Student and teacher perceptions of the teaching-learning process in a college remedial reading class
This was a hypothesis-generating study of a college remedial reading class. Research questions centered on the perceptions of the teaching-learning process and model of reading which informed participants' verbal and non-verbal behaviors. A variety of data-gathering methods included field notes, semi-structured interviews, and extensive use of audiotape and videotape. Students and teacher became co-investigators by viewing and commenting upon selected videotapes with the researcher.^ One lesson, identified by participants as a typical lesson (which was confirmed by a time-sample analysis of classroom events), was audiotaped and a complete transcript made. Analysis of the transcript centered on functions of language in the classroom. Findings were confirmed by triangulation using the other sources of data extensively.^ Major findings were: (a) while teacher and students had basically congruent mental models of teaching and learning, those models were in conflict with most contemporary, interactive, models of reading; and (b) language in the class was used mainly to match answer keys and for students, at least, was restricted to a narrow range of discourse, mostly formulaic responses and text-based answers to short-burst reading exercises.^ Other findings included: the model of learning in the class was one of a one-way transmission of facts from instructor to students; students used questions to satisfy mainly procedural issues; and the focus on a standardized reading test as an exit examination acted as a constraint on the development of mature readers.^ Three major hypotheses were generated by the study: (1) The language and behaviors of the classroom reveal the models of the teaching-learning process and of the reading process which are held by the participants. (2) By focusing on the cognitive task of passing a standardized reading test and the cultural task of adopting the outward behaviors of college students, the participants in the class were subverting the goals of a college education. (3) An evaluation process which is consistent with a current model of reading would lead to an improvement in instruction.^ Recommendations were made for further research, for curricular development, and for teaching. ^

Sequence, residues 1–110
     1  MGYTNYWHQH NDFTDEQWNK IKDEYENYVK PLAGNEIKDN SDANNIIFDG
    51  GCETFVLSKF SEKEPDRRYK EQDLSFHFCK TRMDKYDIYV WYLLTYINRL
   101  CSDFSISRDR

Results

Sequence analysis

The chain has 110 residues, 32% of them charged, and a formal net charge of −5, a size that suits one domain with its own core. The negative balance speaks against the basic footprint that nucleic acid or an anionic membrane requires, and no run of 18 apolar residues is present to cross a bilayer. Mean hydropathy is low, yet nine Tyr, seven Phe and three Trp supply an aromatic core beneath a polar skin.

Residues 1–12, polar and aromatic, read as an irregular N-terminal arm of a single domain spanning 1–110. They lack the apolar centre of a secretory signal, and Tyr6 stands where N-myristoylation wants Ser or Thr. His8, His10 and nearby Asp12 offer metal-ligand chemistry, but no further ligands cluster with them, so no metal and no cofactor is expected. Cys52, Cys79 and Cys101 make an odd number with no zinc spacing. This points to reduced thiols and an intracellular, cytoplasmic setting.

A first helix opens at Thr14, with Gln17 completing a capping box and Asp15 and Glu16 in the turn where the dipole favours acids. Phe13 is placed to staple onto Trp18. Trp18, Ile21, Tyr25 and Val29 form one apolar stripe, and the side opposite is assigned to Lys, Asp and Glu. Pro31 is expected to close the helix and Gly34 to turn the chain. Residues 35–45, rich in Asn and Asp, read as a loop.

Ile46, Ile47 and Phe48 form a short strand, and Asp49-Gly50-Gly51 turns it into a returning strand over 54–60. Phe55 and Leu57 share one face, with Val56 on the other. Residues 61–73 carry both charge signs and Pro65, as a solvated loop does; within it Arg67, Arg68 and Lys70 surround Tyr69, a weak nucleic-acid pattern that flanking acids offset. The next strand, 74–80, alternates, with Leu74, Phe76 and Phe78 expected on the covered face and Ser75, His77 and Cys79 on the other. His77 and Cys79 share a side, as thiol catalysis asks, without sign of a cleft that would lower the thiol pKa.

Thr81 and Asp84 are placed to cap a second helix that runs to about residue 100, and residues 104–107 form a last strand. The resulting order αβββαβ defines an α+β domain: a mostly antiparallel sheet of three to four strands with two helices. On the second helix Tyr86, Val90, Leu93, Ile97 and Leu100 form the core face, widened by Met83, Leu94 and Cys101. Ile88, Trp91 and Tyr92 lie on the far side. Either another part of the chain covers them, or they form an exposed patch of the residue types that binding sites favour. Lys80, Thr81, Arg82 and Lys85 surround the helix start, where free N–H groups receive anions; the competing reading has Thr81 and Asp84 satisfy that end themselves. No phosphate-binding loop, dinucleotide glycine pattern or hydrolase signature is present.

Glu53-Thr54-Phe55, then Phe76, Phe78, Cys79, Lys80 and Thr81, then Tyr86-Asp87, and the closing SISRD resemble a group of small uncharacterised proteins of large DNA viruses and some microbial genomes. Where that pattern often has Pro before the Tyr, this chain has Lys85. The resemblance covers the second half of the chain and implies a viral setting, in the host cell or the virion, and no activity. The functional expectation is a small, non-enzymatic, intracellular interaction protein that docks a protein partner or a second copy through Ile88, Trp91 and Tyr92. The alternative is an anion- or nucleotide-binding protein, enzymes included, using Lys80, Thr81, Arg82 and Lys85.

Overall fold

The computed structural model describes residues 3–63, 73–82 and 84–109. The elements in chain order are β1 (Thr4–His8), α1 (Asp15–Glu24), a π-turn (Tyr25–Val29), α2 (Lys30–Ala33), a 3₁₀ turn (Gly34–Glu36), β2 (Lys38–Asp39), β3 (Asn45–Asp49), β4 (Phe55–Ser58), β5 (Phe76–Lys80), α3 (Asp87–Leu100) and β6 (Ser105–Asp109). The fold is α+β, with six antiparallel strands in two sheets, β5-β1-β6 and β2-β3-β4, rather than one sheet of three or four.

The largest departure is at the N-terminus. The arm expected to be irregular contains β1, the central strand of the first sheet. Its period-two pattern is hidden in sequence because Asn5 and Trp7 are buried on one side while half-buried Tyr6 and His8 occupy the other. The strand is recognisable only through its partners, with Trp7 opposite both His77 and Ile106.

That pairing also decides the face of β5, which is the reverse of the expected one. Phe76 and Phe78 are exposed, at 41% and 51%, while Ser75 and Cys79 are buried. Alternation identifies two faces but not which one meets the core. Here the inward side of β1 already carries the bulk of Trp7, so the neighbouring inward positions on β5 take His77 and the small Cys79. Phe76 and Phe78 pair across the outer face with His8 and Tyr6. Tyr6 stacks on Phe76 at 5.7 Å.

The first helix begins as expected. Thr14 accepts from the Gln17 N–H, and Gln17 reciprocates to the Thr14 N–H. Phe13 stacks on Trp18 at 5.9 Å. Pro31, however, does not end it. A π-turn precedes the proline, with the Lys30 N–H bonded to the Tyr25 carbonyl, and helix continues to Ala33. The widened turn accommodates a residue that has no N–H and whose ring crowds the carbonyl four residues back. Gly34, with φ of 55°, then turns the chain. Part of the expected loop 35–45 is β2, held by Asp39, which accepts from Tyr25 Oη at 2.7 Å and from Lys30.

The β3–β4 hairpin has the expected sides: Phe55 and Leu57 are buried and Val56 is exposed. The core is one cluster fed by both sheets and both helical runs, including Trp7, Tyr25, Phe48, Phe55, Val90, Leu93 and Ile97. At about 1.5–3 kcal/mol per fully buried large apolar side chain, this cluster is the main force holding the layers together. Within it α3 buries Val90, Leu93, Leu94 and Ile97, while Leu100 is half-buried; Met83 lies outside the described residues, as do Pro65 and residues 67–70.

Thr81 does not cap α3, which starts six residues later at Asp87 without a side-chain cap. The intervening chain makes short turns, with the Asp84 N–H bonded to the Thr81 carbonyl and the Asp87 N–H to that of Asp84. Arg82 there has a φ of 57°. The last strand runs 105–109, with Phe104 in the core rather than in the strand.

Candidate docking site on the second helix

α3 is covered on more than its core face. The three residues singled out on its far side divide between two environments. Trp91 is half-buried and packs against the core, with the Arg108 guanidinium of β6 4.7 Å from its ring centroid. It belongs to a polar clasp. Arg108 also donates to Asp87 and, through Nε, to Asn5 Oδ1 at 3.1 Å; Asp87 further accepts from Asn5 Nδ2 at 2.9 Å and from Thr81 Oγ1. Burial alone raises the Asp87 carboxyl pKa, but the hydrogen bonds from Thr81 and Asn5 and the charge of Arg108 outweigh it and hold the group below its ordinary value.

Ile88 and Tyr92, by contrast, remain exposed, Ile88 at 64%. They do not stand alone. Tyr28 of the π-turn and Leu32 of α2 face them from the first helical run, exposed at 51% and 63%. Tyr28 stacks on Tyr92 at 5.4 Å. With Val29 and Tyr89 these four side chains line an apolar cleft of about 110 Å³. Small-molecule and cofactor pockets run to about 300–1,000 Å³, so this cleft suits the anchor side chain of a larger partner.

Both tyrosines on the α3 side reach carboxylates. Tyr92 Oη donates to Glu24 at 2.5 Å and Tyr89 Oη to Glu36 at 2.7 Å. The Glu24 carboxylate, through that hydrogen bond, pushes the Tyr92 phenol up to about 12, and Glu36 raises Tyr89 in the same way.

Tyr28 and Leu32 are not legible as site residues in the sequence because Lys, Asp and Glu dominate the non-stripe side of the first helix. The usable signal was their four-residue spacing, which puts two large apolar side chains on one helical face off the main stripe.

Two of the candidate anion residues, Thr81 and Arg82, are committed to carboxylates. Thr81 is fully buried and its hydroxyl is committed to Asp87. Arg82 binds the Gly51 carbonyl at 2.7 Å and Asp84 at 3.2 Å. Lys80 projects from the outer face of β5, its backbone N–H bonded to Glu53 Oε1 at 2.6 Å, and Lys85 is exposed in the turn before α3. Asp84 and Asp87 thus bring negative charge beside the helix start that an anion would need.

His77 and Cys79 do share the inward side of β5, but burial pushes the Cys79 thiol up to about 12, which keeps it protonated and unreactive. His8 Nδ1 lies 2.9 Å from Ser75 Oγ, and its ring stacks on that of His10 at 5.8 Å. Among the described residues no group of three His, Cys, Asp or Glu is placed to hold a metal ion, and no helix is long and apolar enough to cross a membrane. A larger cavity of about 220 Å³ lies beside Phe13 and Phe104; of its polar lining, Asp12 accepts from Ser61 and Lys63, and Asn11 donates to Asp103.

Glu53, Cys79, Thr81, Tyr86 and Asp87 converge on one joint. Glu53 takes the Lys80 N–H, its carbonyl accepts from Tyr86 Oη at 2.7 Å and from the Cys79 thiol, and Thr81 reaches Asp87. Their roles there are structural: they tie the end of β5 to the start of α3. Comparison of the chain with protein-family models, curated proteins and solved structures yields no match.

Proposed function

Reading instruction|Curriculum development|Higher education
Smukler, Barbara Quinn, "Student and teacher perceptions of the teaching-learning process in a college remedial reading class" (1990). ETD Collection for Fordham University. AAI9109243.